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Roy Donders
article 20 Feb 2017

The names of famous people are not outlawed

Written by Peter Simonis
Sometimes the use of names as a brand can be a tricky business. For instance, it is not allowed to use the names of celebrities. Even those who want to use their own name as a brand, should be careful before applying for a trademark.

Recently a judge on appeal confirmed that well-known Dutch fashion designer Roy Donders lawfully objected against multiple applications on the trademark “Roy Donders” by another party. Roy Donders was already a public figure during the time of application and the mark applicant therefore acted in bad faith. This made his application void. After the verdict, Roy Donders registered his name as a trademark.

Registration makes protection easier

Also without registration, names of celebrities enjoy protection. Yet, it would be wise for celebrities to have their names registered as it makes it easier to defend against the use of others. Many public figures and celebrities have registered their names as trademarks, like Geert Wilders (a Dutch politician), Björn Borg and singer Kylie Minogue. She recently won a case versus reality TV-star Kylie Jenner, who wanted to register the name “Kylie” as a cosmetic brand.

Anyone may file a trademark application for their name. In order for it to be honoured it is important that said name differentiates from the products it covers.
Peter Simonis - Trademarks & Designs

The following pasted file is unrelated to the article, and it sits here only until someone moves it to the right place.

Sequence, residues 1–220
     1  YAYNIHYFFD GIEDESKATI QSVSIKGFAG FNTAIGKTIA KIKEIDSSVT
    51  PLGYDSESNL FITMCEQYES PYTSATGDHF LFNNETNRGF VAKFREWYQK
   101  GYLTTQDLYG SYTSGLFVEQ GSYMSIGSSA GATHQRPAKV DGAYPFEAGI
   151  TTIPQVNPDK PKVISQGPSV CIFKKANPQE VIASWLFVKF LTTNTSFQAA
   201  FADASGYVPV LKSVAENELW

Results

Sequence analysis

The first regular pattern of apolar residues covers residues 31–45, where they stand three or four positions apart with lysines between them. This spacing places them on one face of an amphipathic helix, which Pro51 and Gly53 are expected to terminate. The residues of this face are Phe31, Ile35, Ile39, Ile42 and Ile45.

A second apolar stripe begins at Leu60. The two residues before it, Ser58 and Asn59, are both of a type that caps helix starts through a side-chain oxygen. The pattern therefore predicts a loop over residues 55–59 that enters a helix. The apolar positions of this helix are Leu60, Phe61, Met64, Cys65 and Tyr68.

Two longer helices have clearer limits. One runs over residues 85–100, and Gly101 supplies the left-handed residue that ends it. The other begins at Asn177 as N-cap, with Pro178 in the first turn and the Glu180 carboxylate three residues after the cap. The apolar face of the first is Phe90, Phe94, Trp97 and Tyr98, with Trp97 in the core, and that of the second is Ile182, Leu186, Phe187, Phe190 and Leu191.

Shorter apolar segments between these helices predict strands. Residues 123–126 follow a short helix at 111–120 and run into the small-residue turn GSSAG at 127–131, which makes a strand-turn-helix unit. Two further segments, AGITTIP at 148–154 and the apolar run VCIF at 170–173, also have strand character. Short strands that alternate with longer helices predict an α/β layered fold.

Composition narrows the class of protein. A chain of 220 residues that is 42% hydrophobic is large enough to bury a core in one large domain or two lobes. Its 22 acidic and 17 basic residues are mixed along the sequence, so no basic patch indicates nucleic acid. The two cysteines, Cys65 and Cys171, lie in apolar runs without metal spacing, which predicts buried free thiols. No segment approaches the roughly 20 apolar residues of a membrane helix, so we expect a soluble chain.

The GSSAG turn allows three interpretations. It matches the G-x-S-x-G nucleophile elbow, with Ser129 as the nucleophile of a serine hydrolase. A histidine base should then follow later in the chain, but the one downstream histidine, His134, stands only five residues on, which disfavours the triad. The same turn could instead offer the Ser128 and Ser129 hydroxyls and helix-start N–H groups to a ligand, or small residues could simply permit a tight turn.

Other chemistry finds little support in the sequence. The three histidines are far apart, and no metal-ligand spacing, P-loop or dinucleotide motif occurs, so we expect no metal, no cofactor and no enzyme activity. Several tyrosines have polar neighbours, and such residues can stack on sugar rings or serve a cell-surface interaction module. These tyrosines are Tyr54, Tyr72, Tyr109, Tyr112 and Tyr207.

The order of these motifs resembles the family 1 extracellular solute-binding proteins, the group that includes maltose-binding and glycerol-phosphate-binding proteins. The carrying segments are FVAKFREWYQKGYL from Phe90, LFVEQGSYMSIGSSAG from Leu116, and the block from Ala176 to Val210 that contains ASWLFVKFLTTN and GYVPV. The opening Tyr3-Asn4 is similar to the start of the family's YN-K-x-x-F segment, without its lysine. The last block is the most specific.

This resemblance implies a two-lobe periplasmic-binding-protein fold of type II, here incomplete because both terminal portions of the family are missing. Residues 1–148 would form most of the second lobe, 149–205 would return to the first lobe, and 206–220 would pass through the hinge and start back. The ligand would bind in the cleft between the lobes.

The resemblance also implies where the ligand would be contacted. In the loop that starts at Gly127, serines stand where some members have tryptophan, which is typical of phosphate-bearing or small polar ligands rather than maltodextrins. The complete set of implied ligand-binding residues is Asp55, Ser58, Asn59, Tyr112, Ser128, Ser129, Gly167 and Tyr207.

Own name as a trademark

Anyone may file a trademark application for their name. In order for it to be honoured it is important that said name differentiates from the products it covers. As this is easily achieved, many famous brands use names such as Chanel, Hugo Boss and Yves Saint Laurent. These names do not have a relation with the products behind these brands. What if there is in fact a relationship? Then the name does not have distinctive power and is not valid. Therefore it is not possible to use the name “Baker” as a trademark for bakeries.

When is it a matter of infringement?

When a name is registered as a trademark, others may still use the same name; just not as a trademark. But when is that the case? This was first defined and clarified in 2007, when the highest European judge ruled in the case Céline vs. Céline. The plaintiff was owner of the registered clothing brand Céline, while the defendant called his clothing store “Céline”. The judge ruled that there is a trademark infringement if consumers would see a connection between both names and might doubt the origin of the products. To conclude: whoever is named Coco and wants to use it as a trademark, should think twice about starting a perfume line.